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Old 12-22-2016, 03:22 PM   #21
crank
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That's 1 reason that when I play in multiple bands I play different genres so there is not that overlap of competing for the same gigs.

My main gigging band is, amazingly, super organized. We share an online calendar and everybody puts in there "not available" dates as early as possible. We book way in advance: 22 gigs on the books for 2017 right now. Our singer is a booking machine and he usually books clubs for 3 gigs at a time. So now it's easy to book my second project as I have all the available dates and I will ask the others in it to give me any dates they know can't make before I go out and book anything.

Of course things come up and then we either reschedule, cancel or get a substitute player.
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Old 12-22-2016, 04:10 PM   #22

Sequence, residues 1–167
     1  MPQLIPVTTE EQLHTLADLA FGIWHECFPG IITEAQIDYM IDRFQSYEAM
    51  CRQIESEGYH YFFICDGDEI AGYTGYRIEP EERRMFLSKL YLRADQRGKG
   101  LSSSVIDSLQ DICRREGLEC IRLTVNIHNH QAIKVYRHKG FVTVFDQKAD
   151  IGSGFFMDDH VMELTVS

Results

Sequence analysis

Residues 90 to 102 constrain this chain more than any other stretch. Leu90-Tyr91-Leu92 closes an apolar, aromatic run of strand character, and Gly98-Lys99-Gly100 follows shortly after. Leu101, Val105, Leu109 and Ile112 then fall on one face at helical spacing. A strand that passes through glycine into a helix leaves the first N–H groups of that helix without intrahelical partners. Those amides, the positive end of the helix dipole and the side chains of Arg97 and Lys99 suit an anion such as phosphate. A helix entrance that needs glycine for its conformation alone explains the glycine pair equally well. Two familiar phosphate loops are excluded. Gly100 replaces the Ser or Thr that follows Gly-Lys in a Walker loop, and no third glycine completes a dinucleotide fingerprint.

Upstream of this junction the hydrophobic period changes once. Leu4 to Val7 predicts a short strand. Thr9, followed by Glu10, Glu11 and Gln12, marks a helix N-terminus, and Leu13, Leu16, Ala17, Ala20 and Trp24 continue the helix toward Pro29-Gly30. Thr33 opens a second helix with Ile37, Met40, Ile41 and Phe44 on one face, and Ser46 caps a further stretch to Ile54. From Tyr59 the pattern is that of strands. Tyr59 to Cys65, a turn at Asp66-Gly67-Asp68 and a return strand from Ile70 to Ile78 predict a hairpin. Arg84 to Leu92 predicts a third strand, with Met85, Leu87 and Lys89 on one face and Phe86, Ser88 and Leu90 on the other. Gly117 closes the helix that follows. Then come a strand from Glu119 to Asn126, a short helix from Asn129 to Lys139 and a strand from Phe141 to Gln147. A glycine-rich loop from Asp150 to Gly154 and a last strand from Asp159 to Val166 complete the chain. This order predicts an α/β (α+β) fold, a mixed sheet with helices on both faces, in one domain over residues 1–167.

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Everyone I know in multiple bands has a first come first served booking policy, and if someone can't make a date because their other band is booked, they just ask somebody to fill in. Almost always the guy who can't make it finds his own sub.
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Old 12-22-2016, 04:44 PM   #23
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In a small market in a localized area I can see how it can be an issue. I think it also depends on the scale of things...are we talking about a group of people doing this for fun and make some beer money or are we talking about people trying to make a living or gain some needed supplementary income.

The "market" I'm in has enough venues to keep various bands in the area afloat. It isn't cutthroat. At the same token, people playing in my area aren't making a living from it either. The guys making a living off it are playing in toward the city and "down the shore". Those guys are all in multiple bands.

Warren, my duo partner, occasionally does DJ gigs as the MC. I'm not going to begrudge him doing that. If I had the time and I could participate in another band, I doubt he'd have a problem with it. We both play and perform music for different reasons...like he says "he's the musician, I'm the entertainer". He's not going to begrudge me working with other people to get more of my "musician" fix on...and if he did it would be a problem.